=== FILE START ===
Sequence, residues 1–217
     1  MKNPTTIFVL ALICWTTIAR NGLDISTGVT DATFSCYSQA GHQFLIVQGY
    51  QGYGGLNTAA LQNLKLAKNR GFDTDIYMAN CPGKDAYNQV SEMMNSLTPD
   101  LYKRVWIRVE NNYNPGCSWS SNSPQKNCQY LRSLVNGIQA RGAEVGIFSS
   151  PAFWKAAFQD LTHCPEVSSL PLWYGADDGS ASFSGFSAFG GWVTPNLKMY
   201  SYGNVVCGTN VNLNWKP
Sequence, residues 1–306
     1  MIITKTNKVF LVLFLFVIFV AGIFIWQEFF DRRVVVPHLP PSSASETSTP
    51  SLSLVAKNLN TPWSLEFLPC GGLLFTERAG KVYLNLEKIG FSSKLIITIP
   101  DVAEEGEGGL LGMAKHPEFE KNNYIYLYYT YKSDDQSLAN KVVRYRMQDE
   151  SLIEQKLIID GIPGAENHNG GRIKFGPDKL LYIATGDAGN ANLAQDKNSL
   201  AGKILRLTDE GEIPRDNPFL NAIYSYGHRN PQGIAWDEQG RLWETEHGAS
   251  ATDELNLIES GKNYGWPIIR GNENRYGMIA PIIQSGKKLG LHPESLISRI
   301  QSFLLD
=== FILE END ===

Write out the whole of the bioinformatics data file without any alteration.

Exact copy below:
Sequence, residues 1–217
     1  MKNPTTIFVL ALICWTTIAR NGLDISTGVT DATFSCYSQA GHQFLIVQGY
    51  QGYGGLNTAA LQNLKLAKNR GFDTDIYMAN CPGKDAYNQV SEMMNSLTPD
   101  LYKRVWIRVE NNYNPGCSWS SNSPQKNCQY LRSLVNGIQA RGAEVGIFSS
   151  PAFWKAAFQD LTHCPEVSSL PLWYGADDGS ASFSGFSAFG GWVTPNLKMY
   201  SYGNVVCGTN VNLNWKP
Sequence, residues 1–306
     1  MIITKTNKVF LVLFLFVIFV AGIFIWQEFF DRRVVVPHLP PSSASETSTP
    51  SLSLVAKNLN TPWSLEFLPC GGLLFTERAG KVYLNLEKIG FSSKLIITIP
   101  DVAEEGEGGL LGMAKHPEFE KNNYIYLYYT YKSDDQSLAN KVVRYRMQDE
   151  SLIEQKLIID GIPGAENHNG GRIKFGPDKL LYIATGDAGN ANLAQDKNSL
   201  AGKILRLTDE GEIPRDNPFL NAIYSYGHRN PQGIAWDEQG RLWETEHGAS
   251  ATDELNLIES GKNYGWPIIR GNENRYGMIA PIIQSGKKLG LHPESLISRI
   301  QSFLLD